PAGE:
Back to the language barrier, these two teams work in the same organization and require very similar functionality, but use very different tools to perform the same actions. Developers will solve traffic-steering requirements with software, either written themselves or even open-source. Whereas infrastructure teams will use hardware to meet their traffic steering requirements. This brings us to the crux of the problem: why are they both investing time in like solutions that will run parallel to each other? Well, this language barrier problem comes, largely, from the fact that there’s no skill-overlap between NetOps and Developers. Each have been solving similar problems, side-by-side, for years.

Skills Gap

As F5’s VP of product development, Dave Votava, has been heard to say, similar to a hammer, where everything looks like a nail, to a developer, infrastructure must look like an API. Unfortunately, for the developer, its not as simple as strapping an API onto network infrastructure. This is because the API itself only permits remote execution of management tasks. It does not provide any explanation of the nuances and dependancies of the device for which it serves.

For example, lets say we have a piece of infrastructure that supports internet traffic routing, and that this routing is based on HTTP profiles which are used to define and match traffic patterns. Now, if that network infrastructure has a specific requirement that the profiles must be created before the traffic steering policy is applied, because that policy must reference the HTTP profiles at the time of creation, then we have a technical nuance specific to that network infrastructure. If the configuration is built out of order it will fail. And to add complexity, each device within the infrastructure has its own nuances that do not translated across all other devices.

This is the kind of thing that NetOps engineers are experts at. They know the technologies they work with extremely well because that’s what they do all day, work with those devices. So, what would it take to get that process automated and into a DevOps continuous deployment tool-chain?

This isn’t a technology problem. The issue is that of a lack of ‘domain specific’ knowledge. The dependences, requirements, object hierarchy of the infrastructure configurations are not conveyed through the API’s. This is the domain-specific knowledge held by the NetOps engineers. So, what to do? Do we start teaching the tool-chain operators and architects about all of the infrastructure? NO. Definitely not. We mustn’t stop them coding. Their desire to automate is so they can remain productive at all times; creating apps and services that generate revenue or improve productivity.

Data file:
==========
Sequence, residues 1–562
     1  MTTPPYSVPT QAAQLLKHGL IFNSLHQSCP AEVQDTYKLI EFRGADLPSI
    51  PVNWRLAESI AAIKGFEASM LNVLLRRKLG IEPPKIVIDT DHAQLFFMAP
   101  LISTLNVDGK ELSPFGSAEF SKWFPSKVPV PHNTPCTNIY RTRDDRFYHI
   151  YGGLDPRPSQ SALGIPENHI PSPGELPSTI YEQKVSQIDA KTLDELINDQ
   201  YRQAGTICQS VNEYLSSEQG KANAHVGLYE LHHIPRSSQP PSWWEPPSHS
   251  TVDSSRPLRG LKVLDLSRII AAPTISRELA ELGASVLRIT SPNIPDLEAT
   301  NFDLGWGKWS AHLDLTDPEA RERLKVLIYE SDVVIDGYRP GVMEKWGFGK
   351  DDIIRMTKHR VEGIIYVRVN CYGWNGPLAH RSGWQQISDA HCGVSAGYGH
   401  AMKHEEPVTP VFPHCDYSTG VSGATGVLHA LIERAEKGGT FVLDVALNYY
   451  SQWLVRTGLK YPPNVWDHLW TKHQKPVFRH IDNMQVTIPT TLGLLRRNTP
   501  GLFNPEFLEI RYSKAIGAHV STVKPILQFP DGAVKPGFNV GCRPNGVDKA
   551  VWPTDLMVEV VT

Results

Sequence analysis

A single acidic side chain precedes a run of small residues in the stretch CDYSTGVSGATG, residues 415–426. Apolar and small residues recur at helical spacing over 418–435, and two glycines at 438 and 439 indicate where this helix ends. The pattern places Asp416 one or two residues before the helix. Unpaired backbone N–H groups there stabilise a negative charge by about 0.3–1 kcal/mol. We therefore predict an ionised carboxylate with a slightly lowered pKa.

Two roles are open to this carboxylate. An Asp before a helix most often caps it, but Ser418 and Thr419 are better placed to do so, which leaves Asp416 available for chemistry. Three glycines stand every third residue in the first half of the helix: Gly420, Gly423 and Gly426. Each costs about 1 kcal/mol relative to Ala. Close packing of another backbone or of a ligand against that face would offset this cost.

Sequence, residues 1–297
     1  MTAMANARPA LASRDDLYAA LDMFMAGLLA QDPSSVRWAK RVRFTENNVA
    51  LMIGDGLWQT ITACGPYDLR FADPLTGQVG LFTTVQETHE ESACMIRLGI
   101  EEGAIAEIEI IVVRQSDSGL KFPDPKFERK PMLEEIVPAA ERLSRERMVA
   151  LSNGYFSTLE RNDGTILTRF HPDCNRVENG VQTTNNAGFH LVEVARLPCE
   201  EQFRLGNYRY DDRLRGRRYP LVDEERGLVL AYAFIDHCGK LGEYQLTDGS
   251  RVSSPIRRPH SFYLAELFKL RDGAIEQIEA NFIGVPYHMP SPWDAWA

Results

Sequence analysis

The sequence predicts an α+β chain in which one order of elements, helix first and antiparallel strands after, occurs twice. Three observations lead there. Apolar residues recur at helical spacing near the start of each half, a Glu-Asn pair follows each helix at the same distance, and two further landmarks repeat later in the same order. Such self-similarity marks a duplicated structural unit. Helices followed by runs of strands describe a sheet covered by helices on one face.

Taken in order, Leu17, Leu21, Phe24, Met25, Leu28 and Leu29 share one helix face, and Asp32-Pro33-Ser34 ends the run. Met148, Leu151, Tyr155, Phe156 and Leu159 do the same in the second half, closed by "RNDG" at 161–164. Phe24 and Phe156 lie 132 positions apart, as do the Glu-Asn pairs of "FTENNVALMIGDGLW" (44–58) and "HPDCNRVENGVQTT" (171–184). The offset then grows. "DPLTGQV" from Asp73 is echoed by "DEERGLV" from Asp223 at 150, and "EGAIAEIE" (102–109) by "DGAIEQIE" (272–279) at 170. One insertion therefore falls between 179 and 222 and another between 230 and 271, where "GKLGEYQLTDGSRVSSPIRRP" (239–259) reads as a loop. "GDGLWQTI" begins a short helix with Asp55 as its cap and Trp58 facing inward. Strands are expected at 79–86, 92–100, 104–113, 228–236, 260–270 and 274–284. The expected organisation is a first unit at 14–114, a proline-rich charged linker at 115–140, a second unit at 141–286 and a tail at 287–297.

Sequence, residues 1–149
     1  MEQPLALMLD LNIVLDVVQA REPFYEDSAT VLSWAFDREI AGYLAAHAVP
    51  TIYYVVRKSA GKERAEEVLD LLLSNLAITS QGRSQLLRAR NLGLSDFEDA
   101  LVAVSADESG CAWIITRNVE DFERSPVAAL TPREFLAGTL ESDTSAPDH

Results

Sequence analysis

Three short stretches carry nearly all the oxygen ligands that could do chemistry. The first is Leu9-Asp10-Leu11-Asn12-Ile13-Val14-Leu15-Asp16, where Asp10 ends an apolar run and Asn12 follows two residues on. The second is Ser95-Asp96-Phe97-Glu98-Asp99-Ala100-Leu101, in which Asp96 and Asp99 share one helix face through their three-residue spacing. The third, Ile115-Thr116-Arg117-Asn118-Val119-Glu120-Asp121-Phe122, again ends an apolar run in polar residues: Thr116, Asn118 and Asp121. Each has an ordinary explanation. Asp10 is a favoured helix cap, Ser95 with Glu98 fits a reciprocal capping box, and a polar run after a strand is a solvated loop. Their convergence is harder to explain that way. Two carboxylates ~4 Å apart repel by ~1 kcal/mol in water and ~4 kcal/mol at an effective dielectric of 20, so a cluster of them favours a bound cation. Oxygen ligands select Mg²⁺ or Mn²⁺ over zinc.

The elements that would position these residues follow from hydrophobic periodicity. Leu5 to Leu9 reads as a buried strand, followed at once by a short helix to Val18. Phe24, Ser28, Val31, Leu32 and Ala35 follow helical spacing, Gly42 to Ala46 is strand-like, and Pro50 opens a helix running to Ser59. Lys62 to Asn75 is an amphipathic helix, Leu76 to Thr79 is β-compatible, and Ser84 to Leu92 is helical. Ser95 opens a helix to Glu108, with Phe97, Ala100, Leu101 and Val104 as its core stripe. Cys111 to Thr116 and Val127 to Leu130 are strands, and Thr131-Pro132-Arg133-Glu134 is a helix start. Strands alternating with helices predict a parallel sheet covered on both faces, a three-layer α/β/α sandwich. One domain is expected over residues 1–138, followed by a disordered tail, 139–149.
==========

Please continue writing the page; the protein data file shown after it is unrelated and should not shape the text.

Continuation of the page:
A far simpler, and more logical solution, is to reduce the programmability skills gap. To create the Super-NetOps engineer!

Skills Gap Reduction

What is a Super-NetOps engineer? Three parts sarcasm, two parts snark, and a splash of vermouth… I jest. It’s a shift of that domain-specific knowledge towards presenting infrastructure services via APIs. Its a NetOps engineer that has taken the time to translate all of their familiar CLI commands into REST API calls that can, once tested and documented, be shared with teams outside of NetOps. The Super-NetOps engineer understands the JSON payload that must accompany an HTTP POST, and how to point out to the DevOps tool-chain operators which properties they should ‘Patch’ (a little joke there) for each deployment and which properties to preserve at all cost.

This isn’t a huge leap. In fact, myself and a few others have been trekking about the country the last few months offering free infrastructure automation training days. This in addition to pushing vast amounts of content and tutorials to various web resources. The movement is real!!!

That said, like every good journey, it starts with the first step.… is live

Its time REDtalks graduated from a basement project and into something a little more grownup! So, here we are with the first post. The benefit to you, my valued reader/viewer/listener, is that all of the content will now be in one place, right here on

You can also subscribe to the REDtalks Audio podcast available at the following locations:

Everything will be migrated here over the next week, and new episodes are also on the way! So, come back soon, and come back often.

Thanks for listening.